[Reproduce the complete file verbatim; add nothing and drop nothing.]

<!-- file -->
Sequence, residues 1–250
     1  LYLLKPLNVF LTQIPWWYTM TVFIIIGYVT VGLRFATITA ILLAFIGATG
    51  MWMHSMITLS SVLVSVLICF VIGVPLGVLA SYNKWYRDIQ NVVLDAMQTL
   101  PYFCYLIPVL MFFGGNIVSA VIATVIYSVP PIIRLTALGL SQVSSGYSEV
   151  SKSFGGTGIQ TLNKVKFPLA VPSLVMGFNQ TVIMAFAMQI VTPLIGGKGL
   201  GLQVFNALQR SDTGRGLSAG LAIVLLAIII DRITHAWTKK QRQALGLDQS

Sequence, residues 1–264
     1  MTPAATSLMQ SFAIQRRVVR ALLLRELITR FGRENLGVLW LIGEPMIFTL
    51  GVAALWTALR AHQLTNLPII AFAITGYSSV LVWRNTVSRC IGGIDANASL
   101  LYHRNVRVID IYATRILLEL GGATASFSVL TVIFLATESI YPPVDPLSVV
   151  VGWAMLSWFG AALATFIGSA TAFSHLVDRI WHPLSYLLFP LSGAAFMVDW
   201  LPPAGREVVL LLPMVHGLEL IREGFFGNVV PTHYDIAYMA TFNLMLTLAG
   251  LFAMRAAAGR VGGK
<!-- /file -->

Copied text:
Sequence, residues 1–250
     1  LYLLKPLNVF LTQIPWWYTM TVFIIIGYVT VGLRFATITA ILLAFIGATG
    51  MWMHSMITLS SVLVSVLICF VIGVPLGVLA SYNKWYRDIQ NVVLDAMQTL
   101  PYFCYLIPVL MFFGGNIVSA VIATVIYSVP PIIRLTALGL SQVSSGYSEV
   151  SKSFGGTGIQ TLNKVKFPLA VPSLVMGFNQ TVIMAFAMQI VTPLIGGKGL
   201  GLQVFNALQR SDTGRGLSAG LAIVLLAIII DRITHAWTKK QRQALGLDQS

Sequence, residues 1–264
     1  MTPAATSLMQ SFAIQRRVVR ALLLRELITR FGRENLGVLW LIGEPMIFTL
    51  GVAALWTALR AHQLTNLPII AFAITGYSSV LVWRNTVSRC IGGIDANASL
   101  LYHRNVRVID IYATRILLEL GGATASFSVL TVIFLATESI YPPVDPLSVV
   151  VGWAMLSWFG AALATFIGSA TAFSHLVDRI WHPLSYLLFP LSGAAFMVDW
   201  LPPAGREVVL LLPMVHGLEL IREGFFGNVV PTHYDIAYMA TFNLMLTLAG
   251  LFAMRAAAGR VGGK